The Hussars answered the call in 1975 and Corporals Jim McNeil and Ian Haley became the first members of the Regiment to serve on a UN tour, deploying to Egypt in 1975. Simultaneously Warrant Officer Mike Steele (who dropped to sergeant for the six month tour) went to the Golan Heights on the Israel / Syria border. Ian Haley's memories of his tour are appended to the end of this chapter.




 

 

 

 

 


                                                                                                       
1980 United Nations Golan Heights Cpl Chris Thompson


In the 1990s the manpower situation was such that units on peacekeeping tours were regular force in name only, their ranks filled with reservists to the extent of 20 or 30 or 40 percent of their parade strength. In 1994 Lieutenants Harry Chadwick, Jay Markow and Mark Poland, Corporals Terry Archer and Chris Carpenter and Troopers P.A. Smith and K. Boyd were deployed in support of the Royal Canadian Dragoons in Bosnia . The RCD were using the Cougar ‘tank trainers', now pressed into service as operational vehicles and to a large degree manned by reservists. That autumn the Serbs, in retaliation for NATO air strikes on Serb airfields in the (Serb-held) Krajina region of Croatia. , decided to detain 55 Canadian soldiers. These Canadians, including those Hussars mentioned above, were held for sixteen days before their release was negotiated. Lieutenant Poland described the event in a diary entry:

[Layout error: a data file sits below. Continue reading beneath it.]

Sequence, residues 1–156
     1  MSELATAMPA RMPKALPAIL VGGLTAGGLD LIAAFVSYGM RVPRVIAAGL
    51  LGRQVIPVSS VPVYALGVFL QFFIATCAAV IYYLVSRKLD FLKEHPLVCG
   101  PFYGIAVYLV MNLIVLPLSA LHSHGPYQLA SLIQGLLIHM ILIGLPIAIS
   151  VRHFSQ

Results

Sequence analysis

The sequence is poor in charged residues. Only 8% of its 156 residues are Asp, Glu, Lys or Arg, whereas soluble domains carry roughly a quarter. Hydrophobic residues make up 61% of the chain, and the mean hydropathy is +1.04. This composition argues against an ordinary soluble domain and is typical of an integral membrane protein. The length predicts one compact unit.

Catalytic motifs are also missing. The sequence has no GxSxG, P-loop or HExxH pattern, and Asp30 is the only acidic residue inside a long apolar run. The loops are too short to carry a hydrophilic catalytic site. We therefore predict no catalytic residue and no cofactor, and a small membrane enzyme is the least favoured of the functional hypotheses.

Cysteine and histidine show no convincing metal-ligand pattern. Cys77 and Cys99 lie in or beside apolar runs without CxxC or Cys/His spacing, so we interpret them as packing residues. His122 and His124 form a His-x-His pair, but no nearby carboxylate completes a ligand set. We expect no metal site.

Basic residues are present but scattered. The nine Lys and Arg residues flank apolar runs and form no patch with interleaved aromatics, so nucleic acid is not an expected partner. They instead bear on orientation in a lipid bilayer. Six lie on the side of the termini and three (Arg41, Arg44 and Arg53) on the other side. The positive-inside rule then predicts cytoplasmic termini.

Excerpt from The Gallant Hussars:

Left: November 1994: Lt Mark Poland, Tpr K. ‘Woody' Boyd in Bosnia one hour before their capture. They were held as prisoners of the Serbs for sixteen days

Right: 1994 Bosnia left of picture Lt Mark Poland, right of picture Tpr Eric Marshall with other reservists

- 25 Nov 95